GOURMET FOOD & WINE HIGHLIGHTS OF THE GEOGRAPHE WINE REGION
Local blogger and lifestyle writer Johanna Castro shares with us what not to miss on a gourmet food tour of the Geographe Wine Region. For more tales from Jo, visit her blog The ZigaZag Mag.
Download a PDF version of this Geographe Region Drive Trail.
Did you know that within an hour and a half of Perth you could be sipping new world wines and feasting on modern gourmet cuisine in the Geographe Wine Region? A weekend gourmet drive trail could take you from the city streets of Bunbury to the small towns of Donnybrook, Dardanup and Harvey on a quest to sample new age wines from family run wineries. Or perhaps you’d like to stock up on fresh produce from local growers, visit a brewery and then book in somewhere scenic for a long lunch? Wherever you choose to meander in the Geographe Wine Region you’ll be treated to beautiful forested, coastal or country vistas, travelling on quiet roads where the words ‘traffic jam’ have yet to be uttered. Read on below for what not to miss on your travels to the Geographe region.
Over the last few years Bunbury has come of age. Visually there’s no mistaking the fact that the café culture in Bunbury is growing and the city is also host to a number of acclaimed restaurants as well as to some vibrant food and wine festivals.The city wine bar scene is up-beat and vibey (there’s new offerings coming soon too), with many outlets offering acclaimed and award winning local wines from the surrounding Geographe wine region.
A watery escape
A competing array of al fresco cafes vie for attention along the cappuccino strip (the City’s main shopping and dining street) where the aroma of freshly ground coffee is never far away.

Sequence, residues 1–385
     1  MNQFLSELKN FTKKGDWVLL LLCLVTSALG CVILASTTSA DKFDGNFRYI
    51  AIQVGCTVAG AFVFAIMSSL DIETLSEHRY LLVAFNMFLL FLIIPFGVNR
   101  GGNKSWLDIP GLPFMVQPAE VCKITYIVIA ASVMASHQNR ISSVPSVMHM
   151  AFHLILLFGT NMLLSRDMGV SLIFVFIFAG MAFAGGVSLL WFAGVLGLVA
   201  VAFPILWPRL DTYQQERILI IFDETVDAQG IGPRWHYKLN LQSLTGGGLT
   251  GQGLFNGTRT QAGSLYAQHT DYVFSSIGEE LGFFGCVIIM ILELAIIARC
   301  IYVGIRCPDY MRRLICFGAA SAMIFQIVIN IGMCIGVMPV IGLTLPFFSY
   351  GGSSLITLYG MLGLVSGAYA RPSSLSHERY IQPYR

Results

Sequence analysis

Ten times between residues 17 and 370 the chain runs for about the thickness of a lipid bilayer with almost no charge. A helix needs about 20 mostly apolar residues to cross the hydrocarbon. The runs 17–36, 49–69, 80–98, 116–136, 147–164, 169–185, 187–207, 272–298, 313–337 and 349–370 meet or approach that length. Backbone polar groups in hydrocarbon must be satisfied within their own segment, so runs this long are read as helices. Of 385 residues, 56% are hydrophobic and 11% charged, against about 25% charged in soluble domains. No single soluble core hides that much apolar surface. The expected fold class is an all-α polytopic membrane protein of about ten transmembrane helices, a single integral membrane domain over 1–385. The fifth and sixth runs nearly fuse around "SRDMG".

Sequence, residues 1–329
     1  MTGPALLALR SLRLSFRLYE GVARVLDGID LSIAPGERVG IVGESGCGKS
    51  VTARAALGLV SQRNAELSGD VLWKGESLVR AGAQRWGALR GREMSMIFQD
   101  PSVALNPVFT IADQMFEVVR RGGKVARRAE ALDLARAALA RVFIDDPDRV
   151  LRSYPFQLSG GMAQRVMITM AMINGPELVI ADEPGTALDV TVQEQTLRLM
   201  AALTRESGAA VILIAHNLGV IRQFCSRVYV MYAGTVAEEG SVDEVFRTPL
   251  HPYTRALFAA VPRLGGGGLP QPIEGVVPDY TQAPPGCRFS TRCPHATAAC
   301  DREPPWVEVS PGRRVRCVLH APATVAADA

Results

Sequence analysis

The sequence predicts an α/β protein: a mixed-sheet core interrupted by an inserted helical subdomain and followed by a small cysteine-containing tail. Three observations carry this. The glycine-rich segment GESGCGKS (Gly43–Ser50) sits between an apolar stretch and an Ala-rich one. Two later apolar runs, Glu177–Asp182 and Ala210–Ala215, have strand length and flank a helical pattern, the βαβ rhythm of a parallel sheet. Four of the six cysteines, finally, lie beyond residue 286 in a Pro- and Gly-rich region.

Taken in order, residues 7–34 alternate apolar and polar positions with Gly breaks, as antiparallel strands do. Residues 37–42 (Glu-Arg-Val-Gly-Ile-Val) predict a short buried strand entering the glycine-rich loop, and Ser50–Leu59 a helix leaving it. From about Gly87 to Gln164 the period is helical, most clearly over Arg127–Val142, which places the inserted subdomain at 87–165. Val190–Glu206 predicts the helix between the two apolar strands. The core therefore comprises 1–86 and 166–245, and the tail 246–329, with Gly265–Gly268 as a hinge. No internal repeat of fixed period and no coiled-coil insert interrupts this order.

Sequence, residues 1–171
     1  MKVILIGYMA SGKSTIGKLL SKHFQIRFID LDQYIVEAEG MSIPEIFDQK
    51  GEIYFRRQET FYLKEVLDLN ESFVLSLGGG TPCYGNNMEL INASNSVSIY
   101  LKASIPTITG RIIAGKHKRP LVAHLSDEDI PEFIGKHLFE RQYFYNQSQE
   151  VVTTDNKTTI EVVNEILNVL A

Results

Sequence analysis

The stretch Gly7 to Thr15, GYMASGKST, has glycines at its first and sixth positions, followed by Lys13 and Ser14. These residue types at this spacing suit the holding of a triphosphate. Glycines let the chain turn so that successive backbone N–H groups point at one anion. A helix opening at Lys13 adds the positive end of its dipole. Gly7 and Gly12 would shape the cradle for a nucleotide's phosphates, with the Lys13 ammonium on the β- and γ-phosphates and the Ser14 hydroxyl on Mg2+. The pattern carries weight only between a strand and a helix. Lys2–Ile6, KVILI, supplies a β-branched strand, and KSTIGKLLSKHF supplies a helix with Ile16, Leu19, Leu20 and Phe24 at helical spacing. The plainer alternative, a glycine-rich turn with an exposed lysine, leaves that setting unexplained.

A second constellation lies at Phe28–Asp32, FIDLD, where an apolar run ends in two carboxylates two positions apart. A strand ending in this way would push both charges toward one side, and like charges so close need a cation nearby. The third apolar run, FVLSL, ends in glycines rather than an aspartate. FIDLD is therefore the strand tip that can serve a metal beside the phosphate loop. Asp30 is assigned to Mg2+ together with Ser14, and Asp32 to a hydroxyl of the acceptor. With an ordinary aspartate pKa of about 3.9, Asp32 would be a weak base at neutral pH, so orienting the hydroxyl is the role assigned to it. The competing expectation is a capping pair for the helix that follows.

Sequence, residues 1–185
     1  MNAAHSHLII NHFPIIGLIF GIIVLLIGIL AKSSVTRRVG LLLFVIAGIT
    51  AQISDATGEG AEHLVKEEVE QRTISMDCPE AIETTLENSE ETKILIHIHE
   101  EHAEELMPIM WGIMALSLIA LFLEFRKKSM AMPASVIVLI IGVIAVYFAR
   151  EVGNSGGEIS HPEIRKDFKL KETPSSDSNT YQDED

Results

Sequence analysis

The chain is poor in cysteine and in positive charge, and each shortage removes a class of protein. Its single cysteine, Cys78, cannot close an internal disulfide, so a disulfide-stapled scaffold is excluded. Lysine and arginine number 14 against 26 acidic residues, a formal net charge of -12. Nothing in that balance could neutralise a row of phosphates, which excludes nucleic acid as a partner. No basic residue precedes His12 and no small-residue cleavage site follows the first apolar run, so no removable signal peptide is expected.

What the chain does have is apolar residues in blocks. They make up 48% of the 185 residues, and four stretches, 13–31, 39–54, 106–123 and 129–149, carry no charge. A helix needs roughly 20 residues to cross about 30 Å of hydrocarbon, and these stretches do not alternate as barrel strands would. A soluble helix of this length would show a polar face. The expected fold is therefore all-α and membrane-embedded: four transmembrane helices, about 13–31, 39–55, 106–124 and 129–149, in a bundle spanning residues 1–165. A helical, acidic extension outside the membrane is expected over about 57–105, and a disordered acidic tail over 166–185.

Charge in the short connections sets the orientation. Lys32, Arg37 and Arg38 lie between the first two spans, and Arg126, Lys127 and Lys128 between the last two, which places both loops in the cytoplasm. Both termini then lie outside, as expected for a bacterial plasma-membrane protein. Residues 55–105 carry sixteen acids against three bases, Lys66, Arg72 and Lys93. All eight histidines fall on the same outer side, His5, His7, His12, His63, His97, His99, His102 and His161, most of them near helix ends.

Around Marlston Waterfront (where you may encounter dolphins swimming right below your table) you’ll find a number of eateries in a beautiful waterside setting. Or you could choose a cosy restaurant in the city, or dine by the beach, the inlet or the bay and select from tapas, seafood, pasta, Indian, Chinese, Thai, Japanese, and modern Australian. In fact take your pick from around 70 eateries, and a micro brewery serving both beer and food.
Travel on a more rural trail away from Bunbury and you’ll find fabulous wineries with a range of charming cellar doors, some also offering country-style restaurants with magnificent views.
There are six wine regions ‘down south’ but the Geographe Wine Region is the closest to Perth. The Geographe Wine Region refers to a coastal strip that covers the area from Harvey and Preston Beach in the north to Busselton in the South and inland to the hills of the Darling Range.
Purchasing straight from the farm gate is popular in this region, and friendly farmers, vintners and chefs are more than happy to chat you about their work and lives.
In the country towns of Donnybrook, Capel and Boyanup regular markets are held once a month when the farmers themselves come to town to sell their fresh produce.
The Geographe Wine Region
In 1999 this relatively new wine region was named ‘Geographe’ after the tall ship captained by French explorer Nicolas Baudin who discovered the bay of the same name in 1801.
In this area there are over 1,200 hectares of established vines dating back to the 1970’s and the area has four distinct wine producing districts – Harvey, Ferguson Valley, Donnybrook and Capel.
Its unique soil is suited to many different varieties of grape and due to warm days, cool nights, consistent climate and good winter rainfall, the area has had great success with wines made from semillon, sauvignon blanc and shiraz grapes which are considered the ‘regional heroes.’
However, the Geographe Wine Region has become home to plantings of several experimental varieties too (from Italy, Spain and Portugal) such as Verdejo, tempranillo and nebbiolo to name a few.
Although the region is young in a wine sense (just under 20 years old) it’s building a great reputation.
There are now around 40 estates producing wine under their own labels with many offering cellar door experiences and about 14 of these wineries can be found in the Ferguson Valley.
Wineries and micro breweries in the Ferguson Valley
The Geographe Wine Region boasts one of the most scenic and enjoyable wine sub regions in Western Australia known as the Ferguson Valley, which you can reach by car within about 20 minutes of Bunbury.